Re: [gnome-cy] Windows in Welsh, but not at public expense

On Tuesday 13 January 2004 10:42 am, you wrote:
<large snip>

The provisional timetable as I see it is for a blank (ie no new additions) to 
be done in Feb, just so that we can be sure the process as we do it will 
result in a bootable CD, and then progressive additions in March/April/May, 
adding programs one by one, and testing each time.  Parallel with that, 
tutorials/howtos need to be written for each program, and corrected.  (These 
might also be repurposed into a print book-and-CD pack - I'm looking into the 
costs of that, but an on-demand publisher will only need around 6 weeks.)  
Then, around end-June, we have a freeze; then or before then we need to start 
looking for funding (and I continue to believe we have the best chance of 
getting that if we are constituted as some sort of (at least informal) group 
- perhaps we could call it something like Brodor).  This should leave most of 
July to copy disks (on our own PCs if necessary), so that we get a couple of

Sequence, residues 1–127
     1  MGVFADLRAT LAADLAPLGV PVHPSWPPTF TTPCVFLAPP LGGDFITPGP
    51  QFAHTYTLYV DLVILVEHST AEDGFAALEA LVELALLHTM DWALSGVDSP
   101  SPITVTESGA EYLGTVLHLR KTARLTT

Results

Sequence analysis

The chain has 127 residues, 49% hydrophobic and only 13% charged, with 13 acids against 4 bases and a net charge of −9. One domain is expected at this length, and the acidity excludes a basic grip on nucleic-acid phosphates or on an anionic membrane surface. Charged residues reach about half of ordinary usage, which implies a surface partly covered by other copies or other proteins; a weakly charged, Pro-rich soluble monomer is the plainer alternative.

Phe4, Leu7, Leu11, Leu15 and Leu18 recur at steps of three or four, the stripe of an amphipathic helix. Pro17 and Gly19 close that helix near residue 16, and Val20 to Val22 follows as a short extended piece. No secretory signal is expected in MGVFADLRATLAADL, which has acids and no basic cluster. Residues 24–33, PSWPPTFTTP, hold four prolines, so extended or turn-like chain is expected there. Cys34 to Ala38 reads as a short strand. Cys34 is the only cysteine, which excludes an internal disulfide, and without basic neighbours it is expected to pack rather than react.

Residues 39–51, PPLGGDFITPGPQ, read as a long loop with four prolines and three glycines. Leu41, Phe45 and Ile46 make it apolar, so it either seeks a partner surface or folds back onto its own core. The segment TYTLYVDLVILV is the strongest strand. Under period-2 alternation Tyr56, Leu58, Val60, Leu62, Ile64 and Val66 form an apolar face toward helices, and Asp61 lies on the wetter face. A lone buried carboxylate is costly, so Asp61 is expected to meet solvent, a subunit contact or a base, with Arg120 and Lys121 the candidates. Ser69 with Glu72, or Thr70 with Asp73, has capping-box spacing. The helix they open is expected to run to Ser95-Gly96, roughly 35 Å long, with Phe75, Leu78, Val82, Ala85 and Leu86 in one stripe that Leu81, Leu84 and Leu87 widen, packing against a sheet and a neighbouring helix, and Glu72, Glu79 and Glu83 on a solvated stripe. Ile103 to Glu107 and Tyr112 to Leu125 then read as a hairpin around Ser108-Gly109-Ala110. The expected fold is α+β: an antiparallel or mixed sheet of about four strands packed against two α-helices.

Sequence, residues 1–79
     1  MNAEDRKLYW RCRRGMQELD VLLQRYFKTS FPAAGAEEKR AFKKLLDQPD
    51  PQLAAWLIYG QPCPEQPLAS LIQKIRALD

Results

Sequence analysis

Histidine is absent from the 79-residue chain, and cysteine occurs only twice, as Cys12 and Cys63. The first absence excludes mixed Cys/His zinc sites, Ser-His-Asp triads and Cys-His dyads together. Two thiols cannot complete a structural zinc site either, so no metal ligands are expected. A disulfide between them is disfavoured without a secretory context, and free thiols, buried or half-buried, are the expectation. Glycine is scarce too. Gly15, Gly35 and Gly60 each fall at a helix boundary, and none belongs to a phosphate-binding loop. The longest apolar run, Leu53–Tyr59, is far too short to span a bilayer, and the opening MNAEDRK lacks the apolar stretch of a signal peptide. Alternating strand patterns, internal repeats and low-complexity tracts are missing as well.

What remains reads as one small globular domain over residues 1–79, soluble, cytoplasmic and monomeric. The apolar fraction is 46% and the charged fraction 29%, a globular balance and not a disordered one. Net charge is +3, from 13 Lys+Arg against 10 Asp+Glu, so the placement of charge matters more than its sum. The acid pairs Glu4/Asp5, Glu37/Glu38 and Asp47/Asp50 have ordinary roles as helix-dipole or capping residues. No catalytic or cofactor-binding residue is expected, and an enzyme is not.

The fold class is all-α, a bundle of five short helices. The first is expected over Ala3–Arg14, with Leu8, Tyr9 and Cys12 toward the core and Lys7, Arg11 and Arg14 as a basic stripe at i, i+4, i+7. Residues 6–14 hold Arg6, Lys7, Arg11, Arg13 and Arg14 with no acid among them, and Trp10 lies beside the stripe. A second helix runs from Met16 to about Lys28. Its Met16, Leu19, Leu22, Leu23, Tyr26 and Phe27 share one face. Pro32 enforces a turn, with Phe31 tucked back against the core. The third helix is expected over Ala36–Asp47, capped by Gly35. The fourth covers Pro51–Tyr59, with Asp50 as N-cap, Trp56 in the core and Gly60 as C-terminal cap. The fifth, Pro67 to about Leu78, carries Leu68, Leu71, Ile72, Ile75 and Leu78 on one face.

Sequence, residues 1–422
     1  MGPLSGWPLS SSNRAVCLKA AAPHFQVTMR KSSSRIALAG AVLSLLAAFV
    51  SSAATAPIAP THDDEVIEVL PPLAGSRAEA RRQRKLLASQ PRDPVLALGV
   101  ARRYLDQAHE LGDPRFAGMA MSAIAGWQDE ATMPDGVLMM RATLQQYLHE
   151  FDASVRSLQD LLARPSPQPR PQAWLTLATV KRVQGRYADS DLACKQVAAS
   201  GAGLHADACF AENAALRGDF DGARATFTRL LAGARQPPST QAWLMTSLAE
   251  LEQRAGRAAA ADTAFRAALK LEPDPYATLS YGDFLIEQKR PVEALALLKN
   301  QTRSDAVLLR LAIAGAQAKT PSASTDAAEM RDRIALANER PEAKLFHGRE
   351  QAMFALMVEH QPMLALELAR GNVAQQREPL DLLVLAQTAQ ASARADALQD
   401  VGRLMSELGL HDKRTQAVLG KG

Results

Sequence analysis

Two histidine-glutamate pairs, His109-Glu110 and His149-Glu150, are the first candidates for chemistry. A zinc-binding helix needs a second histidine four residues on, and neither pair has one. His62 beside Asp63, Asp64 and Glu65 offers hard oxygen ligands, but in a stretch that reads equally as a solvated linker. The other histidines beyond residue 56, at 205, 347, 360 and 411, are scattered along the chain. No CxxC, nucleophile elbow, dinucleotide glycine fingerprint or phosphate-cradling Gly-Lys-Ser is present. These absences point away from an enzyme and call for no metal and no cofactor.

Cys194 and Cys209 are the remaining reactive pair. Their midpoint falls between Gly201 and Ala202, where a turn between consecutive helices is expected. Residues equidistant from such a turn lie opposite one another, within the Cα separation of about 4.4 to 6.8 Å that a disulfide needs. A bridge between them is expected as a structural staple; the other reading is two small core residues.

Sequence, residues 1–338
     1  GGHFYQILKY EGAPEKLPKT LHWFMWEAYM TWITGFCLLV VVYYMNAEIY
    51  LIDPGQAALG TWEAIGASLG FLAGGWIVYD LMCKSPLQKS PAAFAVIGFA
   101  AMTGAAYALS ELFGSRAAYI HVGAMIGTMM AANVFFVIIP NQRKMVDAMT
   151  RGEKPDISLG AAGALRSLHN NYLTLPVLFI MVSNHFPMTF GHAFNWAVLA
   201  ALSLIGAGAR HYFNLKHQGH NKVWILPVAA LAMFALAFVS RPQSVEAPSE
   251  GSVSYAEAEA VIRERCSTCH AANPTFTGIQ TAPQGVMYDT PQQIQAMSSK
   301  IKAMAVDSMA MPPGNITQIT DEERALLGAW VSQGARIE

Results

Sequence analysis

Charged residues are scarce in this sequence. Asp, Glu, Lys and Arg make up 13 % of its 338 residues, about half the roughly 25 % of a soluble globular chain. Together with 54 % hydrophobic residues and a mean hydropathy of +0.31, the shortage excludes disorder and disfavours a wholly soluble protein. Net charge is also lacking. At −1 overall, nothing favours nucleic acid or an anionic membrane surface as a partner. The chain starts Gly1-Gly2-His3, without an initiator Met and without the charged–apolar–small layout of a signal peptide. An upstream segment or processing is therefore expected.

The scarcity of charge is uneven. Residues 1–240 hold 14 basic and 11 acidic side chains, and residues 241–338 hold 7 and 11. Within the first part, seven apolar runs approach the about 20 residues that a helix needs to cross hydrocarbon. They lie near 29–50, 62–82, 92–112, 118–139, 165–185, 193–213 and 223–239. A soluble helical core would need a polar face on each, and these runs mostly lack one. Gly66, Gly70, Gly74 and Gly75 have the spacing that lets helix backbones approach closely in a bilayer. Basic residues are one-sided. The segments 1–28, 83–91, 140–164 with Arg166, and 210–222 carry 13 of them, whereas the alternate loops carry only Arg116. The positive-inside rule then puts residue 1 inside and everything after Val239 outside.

hundred for the Eisteddfod.  But the March-May testing and docs are the most 
important thing we need to focus on.

That's one reason why I still favour Knoppix - it's been out 2 years and is 
stable, most of the bugs are documented, and it's got a good community.  But 
I'm willing to be dissuaded.  PCL, Mepis, Slax and even Lindows also come to 
mind.  One problem is whether the desktop will be changeable in the final CD 
- I'm not sure how many of these liveCDs allow for that, since most of them 
seem to use KDE by default.  The options are then (i) do two separate CDs (a 
la Knoppix/Gnoppix), which would be a bit of a pain, and confusing to users, 
or (ii) allow desktop switching, with a heck of a lot of testing to ensure it 
works (this may not be a trivial task). 

I am very interested in the USB stick idea, and that might be another deciding 
factor in choosing a model.  However, there are also problems with it.  Older 
PCs will not have USB ports, and some USB sticks are problematic to mount on 
Linux.  But the USP on this would be quite compelling, as you say, along the 
lines of "let your pupils use their data anywhere, without retooling your IT 
Dept, and at minimal cost."

Going back to David's point, the cynic in me wonders whether upgrading will 
come into Welsh Windows somewhere, - perhaps along the lines of "all you need 
to do is upgrade your systems to Office 2003, and you can immediately take 
advantage of the new Welsh-language interface".  But hopefully BIG has 
specified that earlier editions of Office need to be supported too ...


Best wishes

Kevin Donnelly - Meddalwedd Rhydd yn Gymraeg

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